Evidence Collection | Non-Confrontational Interrogations

Evidence Collection | Non-Confrontational Interrogations


If you’ve ever witnessed a professional wrestling match, it’s a complete and utter spectacle. People carry out incredibly brave and dangerous acts during these escapades. They hop onto the ropes and jump down onto their opponent. They smash chairs against each other’s heads. They clothesline each other at full speed. They seem fully engaged in tearing the other person apart. And yet, they all walk away with very little in the way of injuries. It’s all a very well-rehearsed, and from logic’s standpoint a gigantic lie. They aren’t making assaultive contact, and they are not breaking each other’s back. It’s all entertainment of the highest, or lowest form, depending on your perspective. When it comes to non-confrontational interrogations, we can learn a lot from professional wrestling. Here’s how:


Revisiting Interview vs. Interrogation

As we discussed previously, interviews are a process where we collect all information a person knows about a given situation, be it they are a witness, suspect, or victim. We don’t make assumptions about their involvement, we let the statements they make individually, along with what is known collectively, to provide us with a timeline we make investigative decisions from. We need to refrain from questioning people during this stage of the process concerning the major pieces of the incident. Getting clear definitions, and meanings is fine, but the more we have people stating their recollections exactly as they saw them, the better our next step is. Interrogation is when we get into significant questions, but before we discuss that, let’s separate our strategy and tactics in a non-confrontational interrogation.


The Non-Confrontational Interrogation

Here’s where our analogy comes into play. If we’re at the point that any type of interrogation is warranted, then we have a good idea of who did what at the event. Rewinding back to our scenario, where we’ve had an assault at a bar that led to significant injuries, and we were managing a crowd of people at varying degrees of intoxication, at this point we should be zeroing in on one person, since our scenario only included that two people were involved in the incident occurring in the bar, prior to the assault that happened in the alleyway. Maybe we’ve established that one or two others helped this assault along by instigating it, and maybe another person gave our suspect the mental “shove” into action, but outside of those considerations, we have one person we’re looking for in this assault, and through the interviews, we’ve identified them.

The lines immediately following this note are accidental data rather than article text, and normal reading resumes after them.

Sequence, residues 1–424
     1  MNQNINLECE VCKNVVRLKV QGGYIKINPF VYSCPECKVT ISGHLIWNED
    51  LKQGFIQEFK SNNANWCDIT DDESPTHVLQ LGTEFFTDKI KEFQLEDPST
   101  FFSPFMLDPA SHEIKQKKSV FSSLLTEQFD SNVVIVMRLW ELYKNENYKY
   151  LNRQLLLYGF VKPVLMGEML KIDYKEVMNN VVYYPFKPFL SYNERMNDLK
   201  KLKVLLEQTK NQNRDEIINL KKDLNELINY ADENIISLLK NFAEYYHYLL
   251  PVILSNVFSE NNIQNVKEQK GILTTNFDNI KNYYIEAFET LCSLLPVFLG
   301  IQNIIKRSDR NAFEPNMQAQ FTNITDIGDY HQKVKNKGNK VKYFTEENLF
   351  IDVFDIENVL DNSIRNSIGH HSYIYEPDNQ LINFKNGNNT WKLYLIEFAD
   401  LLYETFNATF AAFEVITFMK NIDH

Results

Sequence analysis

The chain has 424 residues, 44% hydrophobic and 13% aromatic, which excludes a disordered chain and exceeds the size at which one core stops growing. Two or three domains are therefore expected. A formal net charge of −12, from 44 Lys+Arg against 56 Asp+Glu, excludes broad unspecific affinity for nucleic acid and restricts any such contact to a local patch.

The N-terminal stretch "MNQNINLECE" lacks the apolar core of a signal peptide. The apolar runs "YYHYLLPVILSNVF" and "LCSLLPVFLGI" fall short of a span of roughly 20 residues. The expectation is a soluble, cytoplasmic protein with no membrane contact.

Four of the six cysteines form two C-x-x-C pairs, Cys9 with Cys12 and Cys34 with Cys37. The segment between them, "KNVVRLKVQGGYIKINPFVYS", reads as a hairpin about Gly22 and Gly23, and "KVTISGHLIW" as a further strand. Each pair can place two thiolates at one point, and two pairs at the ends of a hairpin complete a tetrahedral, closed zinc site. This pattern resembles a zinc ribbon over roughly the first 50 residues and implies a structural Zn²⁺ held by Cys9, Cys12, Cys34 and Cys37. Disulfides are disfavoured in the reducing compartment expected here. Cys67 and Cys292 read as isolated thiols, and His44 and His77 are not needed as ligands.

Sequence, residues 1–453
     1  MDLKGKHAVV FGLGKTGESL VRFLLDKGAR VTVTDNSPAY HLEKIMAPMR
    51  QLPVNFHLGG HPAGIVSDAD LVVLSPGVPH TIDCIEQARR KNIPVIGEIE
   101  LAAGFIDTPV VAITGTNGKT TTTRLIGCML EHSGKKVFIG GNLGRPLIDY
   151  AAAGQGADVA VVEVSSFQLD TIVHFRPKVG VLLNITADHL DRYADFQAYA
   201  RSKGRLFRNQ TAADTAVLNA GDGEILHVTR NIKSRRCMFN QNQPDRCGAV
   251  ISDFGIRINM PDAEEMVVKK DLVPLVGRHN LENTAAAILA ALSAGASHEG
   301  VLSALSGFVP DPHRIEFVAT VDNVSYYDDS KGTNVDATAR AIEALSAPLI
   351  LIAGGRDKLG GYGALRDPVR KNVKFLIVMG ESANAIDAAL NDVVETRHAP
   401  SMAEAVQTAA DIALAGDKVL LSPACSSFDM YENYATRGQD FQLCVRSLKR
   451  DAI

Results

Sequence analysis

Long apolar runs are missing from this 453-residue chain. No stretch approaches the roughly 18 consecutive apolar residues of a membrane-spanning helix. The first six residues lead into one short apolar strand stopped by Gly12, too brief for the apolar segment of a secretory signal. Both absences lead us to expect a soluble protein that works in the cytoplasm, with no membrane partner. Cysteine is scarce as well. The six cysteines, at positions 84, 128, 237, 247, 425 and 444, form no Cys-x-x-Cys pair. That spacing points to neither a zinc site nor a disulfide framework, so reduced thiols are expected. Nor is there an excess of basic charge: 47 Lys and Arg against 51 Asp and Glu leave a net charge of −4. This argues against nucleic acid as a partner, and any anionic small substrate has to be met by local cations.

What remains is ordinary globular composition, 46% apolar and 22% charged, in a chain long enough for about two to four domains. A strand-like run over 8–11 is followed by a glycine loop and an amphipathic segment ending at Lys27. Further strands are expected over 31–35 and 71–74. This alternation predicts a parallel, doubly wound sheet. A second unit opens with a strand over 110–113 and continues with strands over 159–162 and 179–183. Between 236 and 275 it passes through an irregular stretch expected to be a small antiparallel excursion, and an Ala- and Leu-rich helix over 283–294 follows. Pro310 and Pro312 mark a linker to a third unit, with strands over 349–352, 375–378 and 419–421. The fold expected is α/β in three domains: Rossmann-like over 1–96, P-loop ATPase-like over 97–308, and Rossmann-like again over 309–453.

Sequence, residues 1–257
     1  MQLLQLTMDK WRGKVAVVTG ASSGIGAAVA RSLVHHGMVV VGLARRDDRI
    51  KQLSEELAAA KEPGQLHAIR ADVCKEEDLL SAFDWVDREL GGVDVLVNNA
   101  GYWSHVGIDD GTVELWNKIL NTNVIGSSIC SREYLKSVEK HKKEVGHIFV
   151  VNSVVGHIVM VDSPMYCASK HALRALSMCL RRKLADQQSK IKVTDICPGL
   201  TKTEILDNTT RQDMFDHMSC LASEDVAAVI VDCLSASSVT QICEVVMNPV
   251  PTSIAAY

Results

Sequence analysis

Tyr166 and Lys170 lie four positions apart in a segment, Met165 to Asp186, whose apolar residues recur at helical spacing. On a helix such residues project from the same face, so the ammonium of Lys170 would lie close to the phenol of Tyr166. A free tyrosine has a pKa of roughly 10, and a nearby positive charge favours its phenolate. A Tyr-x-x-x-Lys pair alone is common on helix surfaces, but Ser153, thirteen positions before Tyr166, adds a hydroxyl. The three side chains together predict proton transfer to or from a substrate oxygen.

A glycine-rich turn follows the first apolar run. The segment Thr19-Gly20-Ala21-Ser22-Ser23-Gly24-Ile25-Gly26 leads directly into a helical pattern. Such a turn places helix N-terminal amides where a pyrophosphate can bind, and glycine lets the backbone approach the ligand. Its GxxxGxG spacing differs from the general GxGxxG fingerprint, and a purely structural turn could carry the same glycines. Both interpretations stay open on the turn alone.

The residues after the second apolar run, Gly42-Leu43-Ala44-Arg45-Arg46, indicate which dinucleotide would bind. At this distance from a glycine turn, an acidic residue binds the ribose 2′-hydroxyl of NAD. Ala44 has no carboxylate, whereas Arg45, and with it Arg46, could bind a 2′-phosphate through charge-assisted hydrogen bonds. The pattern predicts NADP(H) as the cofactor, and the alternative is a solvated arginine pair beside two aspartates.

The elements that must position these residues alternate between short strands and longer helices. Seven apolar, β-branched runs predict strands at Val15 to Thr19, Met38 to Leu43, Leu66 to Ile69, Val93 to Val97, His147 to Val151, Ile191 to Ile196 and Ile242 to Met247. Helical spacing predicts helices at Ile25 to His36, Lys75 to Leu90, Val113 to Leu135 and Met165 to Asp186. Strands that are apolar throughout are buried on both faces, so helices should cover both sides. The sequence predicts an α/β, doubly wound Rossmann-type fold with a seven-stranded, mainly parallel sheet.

In this scenario, it would be terribly easy to go straight to a confrontational interrogation and go head to head with our suspect. We may not get as much information from that approach however, and it’s much better for case success that we act neutral to the suspect’s position in this incident. In staying neutral, we remove any thought that we are emotionally charged in “hunting our prey,” as some defense attorneys refer to it as. It also gives our suspect the chance to fully explain themselves, and that’s what our goal should always be in interviews and interrogations, fully explanations of everything. This can seem trivial, but we can never know what makes the difference in a judge or jury’s perspective when it comes to intent. Sure, a sight unseen assault leading to traumatic injury will most likely lead to a conviction, even if the quality of investigation is average. But a superb investigation, where the foundation is laid with solid interviews and interrogations makes a significant distance, especially when it comes to what a judge will be willing to accept in plea bargain, or even in what they’ll allow in sentencing.

Getting past our motivation, let’s consider what a non-confrontational interrogation should look like. First, our suspect, if we’re following our process is now in his second encounter with us. That makes people nervous. When we first sit down with our suspect, they’re going to be tense, and concerned, and reluctant. Instead of squinting our eyes, conveying our judgment, we need to be open. We need to be friendly, even a bit jovial. We suggest being reserved as much as possible. Being too interested can convey that level of judgment in our more forthright example that we’re wanting to avoid.